QIC Abstracts

 Vol.17 No.1&12, February 1, 2017

Research Articles:

Scaling and efficient classical simulation of the quantum Fourier transform (pp0001-0014)
Kieran J. Woolfe, Charles D. Hill, and Lloyd C. L. Hollenberg
We provide numerical evidence that the quantum Fourier transform can be efficiently represented in a matrix product operator with a size growing relatively slowly with the number of qubits. Additionally, we numerically show that the tensors in the operator converge to a common tensor as the number of qubits in the transform increases. Together these results imply that the application of the quantum Fourier transform to a matrix product state with $n$ qubits of maximum Schmidt rank $\chi$ can be simulated in $O(n \left(\log (n)\right)^2 \chi^2)$ time. We perform such simulations and quantify the error involved in representing the transform as a matrix product operator and simulating the quantum Fourier transform of periodic states.

A fast exact quantum algorithm for solitude verification (pp0015-0040)
Seiichiro Tani
Solitude verification is arguably one of the simplest fundamental problems in distributed computing, where the goal is to verify that there is a unique contender in a network. This paper devises a quantum algorithm that exactly solves the problem on an anonymous network, which is known as a network model with minimal assumptions [Angluin, STOC'80]. The algorithm runs in $O(N)$ rounds if every party initially has the common knowledge of an upper bound $N$ on the number of parties. This implies that all solvable problems can be solved in $O(N)$ rounds on average without error (i.e., with zero-sided error) on the network. As a generalization, a quantum algorithm that works in $O(N \log_2 (\max\set{k,2}))$  rounds is obtained for the problem of exactly computing any symmetric Boolean function, over $n$ distributed input bits, which is constant over all the $n$ bits whose sum is larger than $k$ for $k\in \set{0,1,\dots, N-1}$. All these algorithms work with the bit complexities bounded by a polynomial in $N$.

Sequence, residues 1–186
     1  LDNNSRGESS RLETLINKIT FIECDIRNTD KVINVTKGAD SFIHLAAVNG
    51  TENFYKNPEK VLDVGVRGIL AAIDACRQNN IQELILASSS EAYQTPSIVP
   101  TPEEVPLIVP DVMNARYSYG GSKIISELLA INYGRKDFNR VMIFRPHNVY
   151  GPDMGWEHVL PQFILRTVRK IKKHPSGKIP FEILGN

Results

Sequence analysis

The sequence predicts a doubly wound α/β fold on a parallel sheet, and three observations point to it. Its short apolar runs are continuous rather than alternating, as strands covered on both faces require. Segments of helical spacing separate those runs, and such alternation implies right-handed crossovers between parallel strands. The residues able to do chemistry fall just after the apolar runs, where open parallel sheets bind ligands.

Quantum algorithms for Gibbs sampling and hitting-time estimation (pp0041-0064)
Anirban Narayan Chowdhury and Rolando D. Somma
We present quantum algorithms for solving two problems regarding stochastic processes. The first algorithm prepares the thermal Gibbs state of a quantum system and runs in time almost linear in $\sqrt{N \beta/{\cal Z}}$ and polynomial in $\log(1/\epsilon)$, where $N$ is the Hilbert space dimension, $\beta$ is the inverse temperature,  ${\cal Z}$ is the partition function, and $\epsilon$ is the desired precision of the output state. Our quantum algorithm exponentially improves the complexity dependence on $1/\epsilon$ and polynomially improves the dependence on $\beta$ of known quantum algorithms for this problem. The second algorithm estimates the hitting time of a Markov chain. For a sparse stochastic matrix $P$, it runs in time almost linear in $1/(\epsilon \Delta^{3/2})$, where $\epsilon$ is the absolute precision in the estimation and $\Delta$ is a parameter determined by $P$, and whose inverse is an upper bound of the hitting time. Our quantum algorithm quadratically improves the complexity dependence on $1/\epsilon$ and $1/\Delta$ of the analog classical algorithm for hitting-time estimation. Both algorithms use  tools recently developed  in the context of Hamiltonian simulation, spectral gap amplification, and solving linear systems of equations.